MASSILLON, JEAN BAPTISTE, one of the most distinguished of modern pulpit orators, was b. at Hieres, in France, June 24, 1663. His father, a notary, designed the boy for his own profession; and it was only after repeated ,and persistent efforts that Massillon obtained his father's permission to enter the congregation of the oratory iu 1681. It was while he was engaged in teaching theology in one of the houses of the congregation in the diocese of Meaux that he made his first essay in the pulpit at Vienne. His funeral oration on M.Villars, the archbishop of Vienne, was eminently successful, and led to his being called by the superiors of the oratory to Paris, where he first had the opportunity of hearing. Bourdaloue,whose style and manner, withou t being exactly taken by Massillon as a model, had great influence in forming the taste of the young aspirant. Like Bourdaloue, he avoided the declamatory manner and theatrical action then popular in the French pulpit; but the earnest impressiveness of his look and voice more than supplied the vigor and energy which other speakers sought from these adventitious aids. His course of ecclesiastical conferences, delivered in the seminary of St. Magloire, established his rep utation. The criticism of Louis XIV., after his advent course at Versailles, that " when he heard other great preachers he felt satisfied with them, but when he heard Ylassillon he felt dissatisfied with himself," well expresses the characteristics of the eloquence of this great orator,who, more than any of his contemporaries, wa,s able to lay bare the secret springs of human action, and to use the feelings and the passions of his audience as arms against themselves. He was again appointed to preach the Lent at Versailles in 1704; but although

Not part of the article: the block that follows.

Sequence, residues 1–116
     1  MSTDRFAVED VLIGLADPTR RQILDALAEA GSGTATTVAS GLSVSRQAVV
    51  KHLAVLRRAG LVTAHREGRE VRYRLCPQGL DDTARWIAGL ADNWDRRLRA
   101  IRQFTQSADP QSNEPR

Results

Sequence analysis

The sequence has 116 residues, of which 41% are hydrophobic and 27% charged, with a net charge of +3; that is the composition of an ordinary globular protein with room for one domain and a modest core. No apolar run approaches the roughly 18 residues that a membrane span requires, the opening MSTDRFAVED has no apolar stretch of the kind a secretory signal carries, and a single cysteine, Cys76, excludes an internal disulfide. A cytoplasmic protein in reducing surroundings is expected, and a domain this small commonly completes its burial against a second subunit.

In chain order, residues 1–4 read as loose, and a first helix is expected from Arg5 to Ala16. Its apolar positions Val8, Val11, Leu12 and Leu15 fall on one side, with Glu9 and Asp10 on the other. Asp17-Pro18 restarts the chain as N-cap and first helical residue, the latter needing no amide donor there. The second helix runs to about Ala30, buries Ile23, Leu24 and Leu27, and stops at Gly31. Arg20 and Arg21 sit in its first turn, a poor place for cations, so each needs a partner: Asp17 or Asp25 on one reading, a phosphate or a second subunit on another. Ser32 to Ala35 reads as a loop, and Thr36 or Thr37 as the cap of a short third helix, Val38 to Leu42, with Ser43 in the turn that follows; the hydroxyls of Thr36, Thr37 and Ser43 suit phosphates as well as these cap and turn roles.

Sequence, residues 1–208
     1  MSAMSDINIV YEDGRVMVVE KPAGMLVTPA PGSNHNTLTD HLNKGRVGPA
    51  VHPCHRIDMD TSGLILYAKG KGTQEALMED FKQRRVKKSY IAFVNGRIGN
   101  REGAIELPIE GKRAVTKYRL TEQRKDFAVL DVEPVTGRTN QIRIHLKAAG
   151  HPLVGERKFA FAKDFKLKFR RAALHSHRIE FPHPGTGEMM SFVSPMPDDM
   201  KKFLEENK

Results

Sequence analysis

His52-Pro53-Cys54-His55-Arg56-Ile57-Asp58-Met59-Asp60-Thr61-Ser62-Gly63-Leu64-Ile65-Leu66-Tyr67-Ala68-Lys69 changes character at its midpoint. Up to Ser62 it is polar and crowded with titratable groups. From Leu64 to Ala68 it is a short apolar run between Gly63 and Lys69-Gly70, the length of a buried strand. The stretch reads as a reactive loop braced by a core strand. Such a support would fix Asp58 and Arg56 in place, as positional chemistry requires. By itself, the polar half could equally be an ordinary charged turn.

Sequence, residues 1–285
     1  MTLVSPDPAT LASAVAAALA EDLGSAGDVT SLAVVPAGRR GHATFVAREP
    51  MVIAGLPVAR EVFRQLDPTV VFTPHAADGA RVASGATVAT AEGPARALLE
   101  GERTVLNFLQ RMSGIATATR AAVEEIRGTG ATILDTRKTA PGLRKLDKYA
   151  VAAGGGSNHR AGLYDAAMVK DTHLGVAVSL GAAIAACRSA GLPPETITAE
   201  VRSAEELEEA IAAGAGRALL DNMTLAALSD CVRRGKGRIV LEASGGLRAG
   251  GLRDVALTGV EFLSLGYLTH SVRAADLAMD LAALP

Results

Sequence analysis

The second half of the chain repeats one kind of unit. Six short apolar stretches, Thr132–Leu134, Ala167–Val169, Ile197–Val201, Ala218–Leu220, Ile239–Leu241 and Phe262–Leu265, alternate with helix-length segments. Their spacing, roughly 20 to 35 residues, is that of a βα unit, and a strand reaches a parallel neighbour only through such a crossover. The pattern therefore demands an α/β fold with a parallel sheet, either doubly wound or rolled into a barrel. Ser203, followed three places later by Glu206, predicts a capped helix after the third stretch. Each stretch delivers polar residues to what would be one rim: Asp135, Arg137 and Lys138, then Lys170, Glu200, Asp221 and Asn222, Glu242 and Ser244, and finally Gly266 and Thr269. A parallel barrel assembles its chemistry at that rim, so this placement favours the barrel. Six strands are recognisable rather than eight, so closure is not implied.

the king was again equally warm in his admiration of the preacher, Massillon was never afterwards invited to preach in the presence of this monarch; yet his funeral oration on the prince de Conti, in 1709, was one of the greatest triumphs of his oratory. Soonafter the death of Louis XIV.,Massillon, in 1717,was named bishop of Clermont, and in the same year was appointed to preach before the young king Louis XV., for which occasion he composed his celebrated petit cargme—a series of ten sermons. It was not till 1719 that be was consecrated bishop of Clermont, in which year also he was elected a member of the academy; and in 1723 he preached the funeral oration of the duchess of Orleans, his last public discourse in Paris. From this time he lived almost entirely for his diocese, where his charity, gentleness, and amiable disposition gained him the affections of all. He died of apoplexy in 1742 at the age of 79 years. His works, consisting mainly of sermons and other similar compositions, were collected in 12 vols., by his nephew, and published in 1745-46; later editions are those of Beauce (4 vols. 181'7), Mequignon (15 vols. 1818), and Chalandre (3 vols. 1847).